Egoism: An Essential Motive of Writing

Essay by tommylaiUniversity, Bachelor'sA+, July 2006

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When it comes to the motives for writing, different writers have different ideas. Some essays are written for no better reason than that they are required. However, for writers, it is the big leap of faith and belief in them that leads them to take what is the hardest and the most essential step in becoming good writers. In George Orwell's essay "Why I write", Orwell offers four essential motives for writing; most important of which is the focus on establishing a drive towards sheer egoism, which he defines as "[d]esire to seem clever, to be talked about, to be remembered after death, [...], etc.etc" (65). To write is to claim attention, to ask readers to put down what they're doing, to interact, however briefly, with the readers' point of view. Egoism can arouse an author's enthusiasm of writing and produce fascinating literature.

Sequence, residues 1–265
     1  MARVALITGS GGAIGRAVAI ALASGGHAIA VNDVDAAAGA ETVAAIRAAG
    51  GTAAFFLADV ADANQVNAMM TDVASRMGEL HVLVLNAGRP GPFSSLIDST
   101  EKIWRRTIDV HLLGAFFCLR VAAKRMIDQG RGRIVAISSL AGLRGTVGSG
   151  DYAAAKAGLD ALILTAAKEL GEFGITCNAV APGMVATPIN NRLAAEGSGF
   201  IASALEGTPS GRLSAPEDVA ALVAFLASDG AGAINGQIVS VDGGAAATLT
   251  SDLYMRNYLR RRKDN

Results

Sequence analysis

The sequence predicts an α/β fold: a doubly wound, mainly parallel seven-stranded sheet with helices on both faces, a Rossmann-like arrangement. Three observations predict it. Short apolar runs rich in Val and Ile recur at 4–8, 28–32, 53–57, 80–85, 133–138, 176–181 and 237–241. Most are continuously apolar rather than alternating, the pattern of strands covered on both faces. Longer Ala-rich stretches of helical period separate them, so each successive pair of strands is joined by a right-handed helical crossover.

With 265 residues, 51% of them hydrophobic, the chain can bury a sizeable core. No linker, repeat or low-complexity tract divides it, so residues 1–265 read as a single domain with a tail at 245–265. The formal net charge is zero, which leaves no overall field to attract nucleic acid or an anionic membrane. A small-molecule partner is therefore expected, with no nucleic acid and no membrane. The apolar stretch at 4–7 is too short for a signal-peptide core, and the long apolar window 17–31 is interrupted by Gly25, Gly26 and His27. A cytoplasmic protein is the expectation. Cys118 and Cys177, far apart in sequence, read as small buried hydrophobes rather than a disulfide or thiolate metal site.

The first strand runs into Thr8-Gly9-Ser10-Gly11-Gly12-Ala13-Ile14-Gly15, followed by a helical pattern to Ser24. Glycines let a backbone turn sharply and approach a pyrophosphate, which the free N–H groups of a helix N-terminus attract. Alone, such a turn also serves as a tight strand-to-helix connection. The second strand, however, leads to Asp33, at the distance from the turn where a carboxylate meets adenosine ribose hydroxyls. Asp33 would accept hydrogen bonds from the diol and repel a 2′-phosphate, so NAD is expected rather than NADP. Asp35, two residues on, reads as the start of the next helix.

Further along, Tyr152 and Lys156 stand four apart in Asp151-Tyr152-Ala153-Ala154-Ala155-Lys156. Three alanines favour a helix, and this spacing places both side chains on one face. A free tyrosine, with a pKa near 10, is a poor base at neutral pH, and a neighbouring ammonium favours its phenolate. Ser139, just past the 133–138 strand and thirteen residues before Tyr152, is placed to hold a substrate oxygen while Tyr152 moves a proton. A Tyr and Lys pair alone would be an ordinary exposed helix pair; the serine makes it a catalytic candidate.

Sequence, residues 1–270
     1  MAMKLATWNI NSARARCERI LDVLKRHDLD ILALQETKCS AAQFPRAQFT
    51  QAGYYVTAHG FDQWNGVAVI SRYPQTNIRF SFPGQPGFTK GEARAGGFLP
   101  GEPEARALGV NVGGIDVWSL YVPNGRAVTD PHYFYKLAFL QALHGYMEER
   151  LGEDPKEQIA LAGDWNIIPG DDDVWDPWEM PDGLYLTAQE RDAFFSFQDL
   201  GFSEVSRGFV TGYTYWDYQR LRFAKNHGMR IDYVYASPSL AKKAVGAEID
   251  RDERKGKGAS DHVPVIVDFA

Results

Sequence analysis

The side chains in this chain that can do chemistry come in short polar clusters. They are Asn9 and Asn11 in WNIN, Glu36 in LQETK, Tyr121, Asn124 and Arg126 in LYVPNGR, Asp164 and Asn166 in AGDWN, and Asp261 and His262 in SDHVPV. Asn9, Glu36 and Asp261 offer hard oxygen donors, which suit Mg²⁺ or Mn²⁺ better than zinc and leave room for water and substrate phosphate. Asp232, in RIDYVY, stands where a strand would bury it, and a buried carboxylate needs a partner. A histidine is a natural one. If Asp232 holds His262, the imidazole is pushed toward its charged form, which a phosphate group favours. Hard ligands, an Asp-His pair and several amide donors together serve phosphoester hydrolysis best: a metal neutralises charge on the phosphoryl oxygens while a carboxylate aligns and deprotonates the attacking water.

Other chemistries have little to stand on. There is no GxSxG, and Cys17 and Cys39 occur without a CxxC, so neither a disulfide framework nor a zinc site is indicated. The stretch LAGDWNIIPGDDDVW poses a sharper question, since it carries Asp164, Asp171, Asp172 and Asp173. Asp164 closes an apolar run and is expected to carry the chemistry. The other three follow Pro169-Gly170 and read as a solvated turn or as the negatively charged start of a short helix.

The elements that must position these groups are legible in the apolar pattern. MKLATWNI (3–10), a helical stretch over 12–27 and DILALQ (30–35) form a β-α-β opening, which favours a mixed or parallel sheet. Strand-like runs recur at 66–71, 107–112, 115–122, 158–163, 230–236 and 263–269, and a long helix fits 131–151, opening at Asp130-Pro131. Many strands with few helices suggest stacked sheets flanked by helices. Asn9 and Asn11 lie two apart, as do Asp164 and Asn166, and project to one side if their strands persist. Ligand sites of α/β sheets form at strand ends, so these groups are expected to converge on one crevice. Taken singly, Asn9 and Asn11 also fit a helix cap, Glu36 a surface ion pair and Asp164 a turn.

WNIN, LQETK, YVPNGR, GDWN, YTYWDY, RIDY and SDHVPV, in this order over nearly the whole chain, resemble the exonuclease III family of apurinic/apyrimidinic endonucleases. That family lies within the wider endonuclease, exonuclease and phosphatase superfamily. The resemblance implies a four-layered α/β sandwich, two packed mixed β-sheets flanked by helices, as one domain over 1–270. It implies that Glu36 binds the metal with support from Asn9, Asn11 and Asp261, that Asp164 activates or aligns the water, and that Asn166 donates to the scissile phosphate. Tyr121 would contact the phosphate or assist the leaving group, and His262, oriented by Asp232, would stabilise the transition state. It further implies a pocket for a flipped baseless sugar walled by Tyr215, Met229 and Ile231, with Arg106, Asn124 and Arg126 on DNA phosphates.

Since the practical reason to write is to express oneself, sheer egoism is significant in writing.

Writing is a venue where one can express ideas and not have them bottled up inside; some people even write purely for personal pleasure or release. Orwell states that "after the age of about thirty [...], [human] almost abandon the sense of being individuals at all". However, there is also a minority of people who do not abandon; instead of abandoning, "[they] are determined to live their own lives to the end, and writers belong in this class" (65). According to Orwell, writers are ones who are not necessarily conformed by others and they can freely express themselves, at least when they are writing. Similarly, in Joan Didion's article "Why I Write", Didion assumes that "[she] write entirely to find out what [she is] thinking, what [she is] looking at, what [she] see[s] and what it means" (181). She writes not...